The debates offer an opportunity for Romney to gain ground but, unlike in the primary debates, Mitt won’t have Ron Paul and Michele Bachmann around to jump to his defense every time he’s on the ropes. Goldberg’s point, I think, is that if voters aren’t given an alternative, the devil they know may well be preferable to the devil they don’t know. Ideas, even bad ones, trump no ideas. If the Romney brain trust, such as it is, doesn’t figure this out, and quickly, we’re in for another four long years of misery. Unfortunately, by that time it may be too late to prevent America from suffering a Greece-style collapse.

Update: (h/t xthred) Shocker: Romney indicated today that he won’t repeal all of Obamacare:

Mitt Romney says his pledge to repeal President Barack Obama’s health law doesn’t mean that young adults and those with medical conditions would no longer be guaranteed health care.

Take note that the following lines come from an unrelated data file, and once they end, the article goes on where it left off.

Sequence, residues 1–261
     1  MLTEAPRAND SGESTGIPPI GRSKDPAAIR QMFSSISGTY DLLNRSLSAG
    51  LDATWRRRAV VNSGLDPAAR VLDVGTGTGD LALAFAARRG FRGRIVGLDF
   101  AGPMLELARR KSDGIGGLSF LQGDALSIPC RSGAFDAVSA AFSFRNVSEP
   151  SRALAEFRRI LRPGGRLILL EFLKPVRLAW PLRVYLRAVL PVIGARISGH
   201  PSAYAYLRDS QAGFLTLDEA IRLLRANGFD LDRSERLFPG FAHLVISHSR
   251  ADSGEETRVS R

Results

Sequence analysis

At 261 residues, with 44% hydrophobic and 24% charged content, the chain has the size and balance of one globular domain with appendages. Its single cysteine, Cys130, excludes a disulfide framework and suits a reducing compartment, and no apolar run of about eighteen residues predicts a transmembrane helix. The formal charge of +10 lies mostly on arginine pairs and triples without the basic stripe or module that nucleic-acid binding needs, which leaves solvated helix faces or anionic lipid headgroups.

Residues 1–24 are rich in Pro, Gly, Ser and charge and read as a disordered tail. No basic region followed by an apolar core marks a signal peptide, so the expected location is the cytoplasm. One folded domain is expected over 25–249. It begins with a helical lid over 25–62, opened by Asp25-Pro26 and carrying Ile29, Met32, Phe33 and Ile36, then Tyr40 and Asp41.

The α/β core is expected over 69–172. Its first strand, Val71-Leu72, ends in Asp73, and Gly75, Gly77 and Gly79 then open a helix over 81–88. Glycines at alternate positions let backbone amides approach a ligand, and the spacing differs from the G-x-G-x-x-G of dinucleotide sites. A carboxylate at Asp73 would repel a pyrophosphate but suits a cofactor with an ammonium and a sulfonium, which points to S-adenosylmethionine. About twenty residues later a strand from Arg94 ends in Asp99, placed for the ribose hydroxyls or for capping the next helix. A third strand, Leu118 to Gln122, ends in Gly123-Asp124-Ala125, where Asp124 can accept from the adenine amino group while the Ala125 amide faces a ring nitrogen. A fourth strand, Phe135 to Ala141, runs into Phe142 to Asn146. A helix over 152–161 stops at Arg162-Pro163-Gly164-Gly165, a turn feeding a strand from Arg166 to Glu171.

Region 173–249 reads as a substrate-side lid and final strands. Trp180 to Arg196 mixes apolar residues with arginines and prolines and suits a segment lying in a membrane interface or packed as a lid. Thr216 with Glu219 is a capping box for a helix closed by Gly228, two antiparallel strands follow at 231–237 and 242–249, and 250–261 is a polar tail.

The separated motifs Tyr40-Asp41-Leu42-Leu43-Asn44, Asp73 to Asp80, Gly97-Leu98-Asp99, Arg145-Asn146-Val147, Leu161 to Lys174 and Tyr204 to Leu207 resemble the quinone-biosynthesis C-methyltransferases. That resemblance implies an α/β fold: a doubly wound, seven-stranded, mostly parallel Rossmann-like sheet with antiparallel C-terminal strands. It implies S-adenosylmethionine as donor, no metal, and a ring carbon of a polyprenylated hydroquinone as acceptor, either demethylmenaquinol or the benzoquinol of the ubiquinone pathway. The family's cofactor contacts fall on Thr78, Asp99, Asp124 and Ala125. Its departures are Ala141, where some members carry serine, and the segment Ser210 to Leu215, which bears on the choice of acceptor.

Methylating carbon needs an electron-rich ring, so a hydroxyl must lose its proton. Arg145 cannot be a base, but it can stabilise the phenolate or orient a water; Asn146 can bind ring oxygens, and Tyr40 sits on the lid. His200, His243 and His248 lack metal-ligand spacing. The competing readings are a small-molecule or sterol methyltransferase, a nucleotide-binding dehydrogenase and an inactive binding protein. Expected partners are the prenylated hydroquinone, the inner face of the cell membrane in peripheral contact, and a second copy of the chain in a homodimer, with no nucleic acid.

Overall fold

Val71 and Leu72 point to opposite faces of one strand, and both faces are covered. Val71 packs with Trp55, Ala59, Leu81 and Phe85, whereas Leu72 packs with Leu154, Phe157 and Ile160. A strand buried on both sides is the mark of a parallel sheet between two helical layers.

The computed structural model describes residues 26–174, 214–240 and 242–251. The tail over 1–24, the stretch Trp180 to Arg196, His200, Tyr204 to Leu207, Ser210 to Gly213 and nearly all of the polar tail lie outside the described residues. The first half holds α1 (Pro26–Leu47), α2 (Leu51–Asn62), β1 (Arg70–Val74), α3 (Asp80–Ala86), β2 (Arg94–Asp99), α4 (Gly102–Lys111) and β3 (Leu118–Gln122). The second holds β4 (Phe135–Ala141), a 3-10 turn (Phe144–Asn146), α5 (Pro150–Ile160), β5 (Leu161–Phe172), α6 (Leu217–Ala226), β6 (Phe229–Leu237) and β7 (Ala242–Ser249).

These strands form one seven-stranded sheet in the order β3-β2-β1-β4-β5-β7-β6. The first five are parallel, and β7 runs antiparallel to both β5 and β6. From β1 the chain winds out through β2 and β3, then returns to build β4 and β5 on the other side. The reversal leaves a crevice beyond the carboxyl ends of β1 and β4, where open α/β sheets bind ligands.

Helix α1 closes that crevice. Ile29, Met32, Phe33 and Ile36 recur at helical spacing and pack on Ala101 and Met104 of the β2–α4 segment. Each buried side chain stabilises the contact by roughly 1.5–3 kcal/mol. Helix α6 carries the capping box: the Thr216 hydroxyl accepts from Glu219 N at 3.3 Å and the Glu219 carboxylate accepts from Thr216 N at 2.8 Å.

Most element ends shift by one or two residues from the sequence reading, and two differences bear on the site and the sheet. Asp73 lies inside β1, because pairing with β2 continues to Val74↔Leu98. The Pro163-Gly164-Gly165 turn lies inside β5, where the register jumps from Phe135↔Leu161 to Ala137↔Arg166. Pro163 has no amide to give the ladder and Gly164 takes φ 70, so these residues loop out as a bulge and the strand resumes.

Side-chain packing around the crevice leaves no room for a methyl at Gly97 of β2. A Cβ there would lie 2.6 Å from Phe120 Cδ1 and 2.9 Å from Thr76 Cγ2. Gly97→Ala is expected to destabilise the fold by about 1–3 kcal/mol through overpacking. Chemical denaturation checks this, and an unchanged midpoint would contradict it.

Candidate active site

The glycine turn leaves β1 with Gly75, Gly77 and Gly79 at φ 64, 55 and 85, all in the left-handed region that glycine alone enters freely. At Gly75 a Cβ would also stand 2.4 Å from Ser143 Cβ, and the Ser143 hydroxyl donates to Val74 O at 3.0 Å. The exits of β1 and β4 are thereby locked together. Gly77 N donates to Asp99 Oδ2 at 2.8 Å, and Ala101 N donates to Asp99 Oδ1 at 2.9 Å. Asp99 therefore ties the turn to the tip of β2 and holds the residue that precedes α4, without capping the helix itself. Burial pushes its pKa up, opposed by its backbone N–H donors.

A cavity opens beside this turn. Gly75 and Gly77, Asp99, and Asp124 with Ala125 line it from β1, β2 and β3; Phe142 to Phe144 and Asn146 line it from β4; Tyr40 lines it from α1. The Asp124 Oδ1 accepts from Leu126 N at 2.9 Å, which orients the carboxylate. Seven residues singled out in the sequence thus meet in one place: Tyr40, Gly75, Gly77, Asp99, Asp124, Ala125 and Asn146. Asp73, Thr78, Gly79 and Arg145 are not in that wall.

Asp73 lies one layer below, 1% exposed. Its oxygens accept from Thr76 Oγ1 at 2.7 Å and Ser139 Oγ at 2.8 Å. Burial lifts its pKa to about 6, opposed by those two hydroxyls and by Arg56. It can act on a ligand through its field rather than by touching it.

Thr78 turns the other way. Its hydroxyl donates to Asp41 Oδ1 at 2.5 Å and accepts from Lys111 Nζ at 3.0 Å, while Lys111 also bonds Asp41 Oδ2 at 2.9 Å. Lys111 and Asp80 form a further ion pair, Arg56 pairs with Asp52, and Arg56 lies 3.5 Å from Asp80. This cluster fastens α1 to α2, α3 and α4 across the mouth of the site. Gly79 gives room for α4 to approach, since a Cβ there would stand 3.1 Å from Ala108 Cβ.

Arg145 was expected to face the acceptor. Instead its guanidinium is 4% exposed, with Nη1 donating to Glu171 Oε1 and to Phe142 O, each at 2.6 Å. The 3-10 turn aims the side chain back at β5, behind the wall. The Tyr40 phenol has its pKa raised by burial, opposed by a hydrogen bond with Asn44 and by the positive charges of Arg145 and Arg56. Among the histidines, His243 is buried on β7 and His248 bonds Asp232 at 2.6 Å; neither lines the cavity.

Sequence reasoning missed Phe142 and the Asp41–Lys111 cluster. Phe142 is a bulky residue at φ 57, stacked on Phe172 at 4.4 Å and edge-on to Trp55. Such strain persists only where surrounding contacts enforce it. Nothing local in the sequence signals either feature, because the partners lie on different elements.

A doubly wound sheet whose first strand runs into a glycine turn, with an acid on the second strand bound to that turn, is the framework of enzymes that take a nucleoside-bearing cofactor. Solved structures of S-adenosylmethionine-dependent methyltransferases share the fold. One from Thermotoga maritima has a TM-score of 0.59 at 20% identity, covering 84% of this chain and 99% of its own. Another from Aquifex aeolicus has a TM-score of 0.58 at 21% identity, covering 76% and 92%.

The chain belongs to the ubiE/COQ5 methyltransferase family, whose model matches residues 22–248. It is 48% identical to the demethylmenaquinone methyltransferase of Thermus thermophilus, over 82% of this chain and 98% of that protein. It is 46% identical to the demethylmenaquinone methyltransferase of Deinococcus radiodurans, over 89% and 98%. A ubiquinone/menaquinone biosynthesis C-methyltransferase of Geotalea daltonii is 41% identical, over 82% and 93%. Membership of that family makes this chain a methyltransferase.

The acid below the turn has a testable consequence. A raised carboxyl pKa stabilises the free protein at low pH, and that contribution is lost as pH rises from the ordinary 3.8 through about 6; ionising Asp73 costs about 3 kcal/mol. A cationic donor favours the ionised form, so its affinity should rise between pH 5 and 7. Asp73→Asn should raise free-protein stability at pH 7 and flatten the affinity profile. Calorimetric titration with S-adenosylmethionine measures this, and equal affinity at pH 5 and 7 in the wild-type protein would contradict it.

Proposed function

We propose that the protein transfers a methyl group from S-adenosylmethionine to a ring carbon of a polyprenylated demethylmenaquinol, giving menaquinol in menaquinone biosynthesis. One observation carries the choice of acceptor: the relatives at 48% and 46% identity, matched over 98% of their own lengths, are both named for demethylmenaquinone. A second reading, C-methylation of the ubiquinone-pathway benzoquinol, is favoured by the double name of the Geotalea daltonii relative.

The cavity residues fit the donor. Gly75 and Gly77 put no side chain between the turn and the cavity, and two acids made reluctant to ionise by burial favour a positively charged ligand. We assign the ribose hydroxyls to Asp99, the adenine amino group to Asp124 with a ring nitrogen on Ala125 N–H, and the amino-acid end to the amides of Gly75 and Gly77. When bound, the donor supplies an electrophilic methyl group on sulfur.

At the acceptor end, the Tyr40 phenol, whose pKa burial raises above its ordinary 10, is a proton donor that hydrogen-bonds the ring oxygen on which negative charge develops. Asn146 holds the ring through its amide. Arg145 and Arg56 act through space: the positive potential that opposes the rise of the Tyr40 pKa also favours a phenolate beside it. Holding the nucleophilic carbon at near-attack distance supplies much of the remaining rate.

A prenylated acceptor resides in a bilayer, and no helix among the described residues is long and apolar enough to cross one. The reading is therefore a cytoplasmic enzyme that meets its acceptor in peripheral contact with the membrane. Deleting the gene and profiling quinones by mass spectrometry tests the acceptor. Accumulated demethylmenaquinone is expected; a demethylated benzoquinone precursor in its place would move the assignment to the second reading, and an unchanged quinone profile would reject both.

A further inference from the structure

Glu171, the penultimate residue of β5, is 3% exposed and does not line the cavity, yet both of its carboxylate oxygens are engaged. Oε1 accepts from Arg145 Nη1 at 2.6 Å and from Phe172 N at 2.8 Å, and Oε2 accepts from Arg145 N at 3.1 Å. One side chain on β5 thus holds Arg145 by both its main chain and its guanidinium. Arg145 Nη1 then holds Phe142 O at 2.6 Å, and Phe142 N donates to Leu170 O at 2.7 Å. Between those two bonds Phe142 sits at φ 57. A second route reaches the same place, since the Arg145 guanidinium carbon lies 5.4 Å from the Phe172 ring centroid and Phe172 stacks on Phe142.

The Republican presidential nominee says he’ll replace the law with his own plan. He tells NBC’s "Meet the Press" that the plan he worked to pass while governor of Massachusetts deals with medical conditions and with young people.

Romney says he doesn’t plan to repeal of all of Obama’s signature health care plan. He says there are a number of initiatives he likes in the Affordable Care Act that he would keep in place if elected president.

So Romney wants to keep the preconditions coverage guarantee part of Obamacare. I have one simple question: Suppose I decide to eschew Homeowner’s insurance. If I do that can I expect an insurance company to insure my home after it catches on fire?

Hello, Mr. Insurance provider. My house is on fire. I’d like to purchase an insurance policy effective right now to pay for this fire which is raging out of control and burning my house down. No? But you have no choice. Both Romney and Obama say you must.

Can anyone explain to me how this is insurance, and how insurance providers can possibly stay in business under this mandate? Anyone?